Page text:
I am not sure that I learned about money when I was young. Actually, I am almost sure that I did not.
To be fair to my parents, I think there was no consciousness yet, at that time, on the importance of teaching kids about money. What they knew was that they had to provide and that was the end of it.
But the power to dream of riches and making it come true lies at the core of one’s life – in one’s childhood. His views about poverty, about money, his poverty mindset (money does not grow on trees) and his wealth mindset (money grows on trees) start at that time which is at the root of all his memories.
And so we as parents have a duty to make those memories good ones, and that the mindset we cultivate is one of wealth.
Are you willing to take the step?
Some words from those who have taken the step…
Step One: The Allowance
Yes, you painstakingly prepare his brown bag – baon – going out of your wits while grocery shopping – making sure to get a good mix of the healthy and the junk (which he likes), cook it, pack it, kiss him goodbye as he goes off to school… but wait – you have got to fork that money over. It does not have to be a lot, but just enough to teach him beautiful and practical money stuff like:
- Spending. Children should be allowed and encouraged to make spending decisions because they will learn from their spending choices (whether good or bad, whether you like it or not). And because the child has spent, the parents can then initiate a discussion about it – its pros and cons, the use of common sense (it is not so common after all), researching before making major purchases (should it be the Nintendo DS or the Wii?), waiting for the right time to buy. That yes, it is okay to spend and enjoy life, and that no, it is not okay to be a miser.
- Saving. Give your child’s allowance in denominations that would encourage saving. Say it is $5 a day. Give it to him in $1 bills and suggest (imply, hint) that at least $1 be set aside for savings
- Giving. This is the great multiplier, one of the greatest secrets in The Secret. Start him young on this wonderful opiate.
Step Two: Investing
Take his little hands, walk to the bank and introduce him to the magic of compounded interest (preferably in spirited and animated tones, with voices!). “Imagine anak, your savings of $5 a week at 6 percent interest compounded quarterly will total about $266 after a year, $1,503 after 5 years, and $3,527 after 10 years.” Then smile here (though he will look as if you had gone crazy).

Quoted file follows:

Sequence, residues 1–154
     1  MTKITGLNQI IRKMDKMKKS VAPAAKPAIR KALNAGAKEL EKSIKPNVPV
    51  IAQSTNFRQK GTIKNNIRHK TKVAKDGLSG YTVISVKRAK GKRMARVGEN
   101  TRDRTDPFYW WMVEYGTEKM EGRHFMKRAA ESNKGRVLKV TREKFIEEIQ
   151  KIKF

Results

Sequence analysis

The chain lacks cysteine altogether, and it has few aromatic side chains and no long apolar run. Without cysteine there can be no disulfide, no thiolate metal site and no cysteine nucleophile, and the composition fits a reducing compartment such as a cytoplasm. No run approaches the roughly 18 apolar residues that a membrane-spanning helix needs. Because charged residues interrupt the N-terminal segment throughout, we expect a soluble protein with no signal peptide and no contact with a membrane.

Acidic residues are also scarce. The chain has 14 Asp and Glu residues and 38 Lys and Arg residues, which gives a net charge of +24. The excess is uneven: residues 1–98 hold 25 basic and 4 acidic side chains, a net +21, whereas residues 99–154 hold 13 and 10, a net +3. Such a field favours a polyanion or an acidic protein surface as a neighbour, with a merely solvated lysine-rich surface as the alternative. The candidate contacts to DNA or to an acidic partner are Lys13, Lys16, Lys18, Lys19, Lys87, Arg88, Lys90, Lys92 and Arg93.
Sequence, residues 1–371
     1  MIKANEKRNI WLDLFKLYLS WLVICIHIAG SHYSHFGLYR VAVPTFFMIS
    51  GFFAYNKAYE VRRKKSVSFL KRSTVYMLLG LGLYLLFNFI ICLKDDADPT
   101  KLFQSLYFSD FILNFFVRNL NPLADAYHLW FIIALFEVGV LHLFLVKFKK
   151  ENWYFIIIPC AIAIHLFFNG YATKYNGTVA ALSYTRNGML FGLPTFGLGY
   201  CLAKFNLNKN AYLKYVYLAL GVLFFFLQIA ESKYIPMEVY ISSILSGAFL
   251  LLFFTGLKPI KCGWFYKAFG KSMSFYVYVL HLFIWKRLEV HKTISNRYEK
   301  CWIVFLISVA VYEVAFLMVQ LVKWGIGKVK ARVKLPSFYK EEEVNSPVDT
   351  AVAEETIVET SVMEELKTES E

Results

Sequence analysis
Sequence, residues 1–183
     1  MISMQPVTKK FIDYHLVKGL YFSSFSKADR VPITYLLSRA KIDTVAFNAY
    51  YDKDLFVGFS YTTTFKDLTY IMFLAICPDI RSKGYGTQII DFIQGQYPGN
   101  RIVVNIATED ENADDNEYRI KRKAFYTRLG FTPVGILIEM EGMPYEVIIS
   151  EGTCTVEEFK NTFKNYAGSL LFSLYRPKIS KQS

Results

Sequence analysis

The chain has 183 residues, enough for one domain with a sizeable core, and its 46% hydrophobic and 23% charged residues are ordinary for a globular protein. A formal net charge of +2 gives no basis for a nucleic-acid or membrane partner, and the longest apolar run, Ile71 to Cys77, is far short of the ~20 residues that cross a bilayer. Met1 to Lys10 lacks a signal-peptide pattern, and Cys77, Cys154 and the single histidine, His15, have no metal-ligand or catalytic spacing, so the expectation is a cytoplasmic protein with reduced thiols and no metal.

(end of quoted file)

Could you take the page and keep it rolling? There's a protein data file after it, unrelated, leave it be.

But before you get really carried away (he is young) – stop. If he asks if he can withdraw from his account, say yes (and hide the grimace). The point of the exercise is to make saving and investing enjoyable. It will lose all appeal if he gets the idea that his money is somewhere that he could not get to.
Step Three: Goal Setting
Regale your child with images of things that his money could buy – new clothes, maybe, or a new toy, a new pet. See with his eyes and contemplate with him as he looks at his goals in a different way now that he has in his hands the power to make it come true.
Step Four: Some More Tips
The notebook. Encourage your child to list down his “money-coming-in” and “money-going-out” (income, expense). Having him watch and track his spending would make him aware of the flow of money and develop a preference (hopefully, it will be for money-coming-in).
The talk. Most children do not know the state of their family’s finances. As a matter of fact, talking to your children about money is a fairly cutting-edge concept (read: old but still unaccepted). I remember that as I child, I did not know when we were poor or when we were rich and that I would just get little clues: a curt remark, dead silence, the look, which would just hurt and confuse me. An atmosphere of openness about financial matters would help the child be aware of financial matters – of when daddy and mommy needs understanding, of why and when celebrations could be celebrated, and that sometimes there are just rainy days.
Good luck. And in the midst of this exercise (moral obligation, responsibility, duty) may both of you have fun.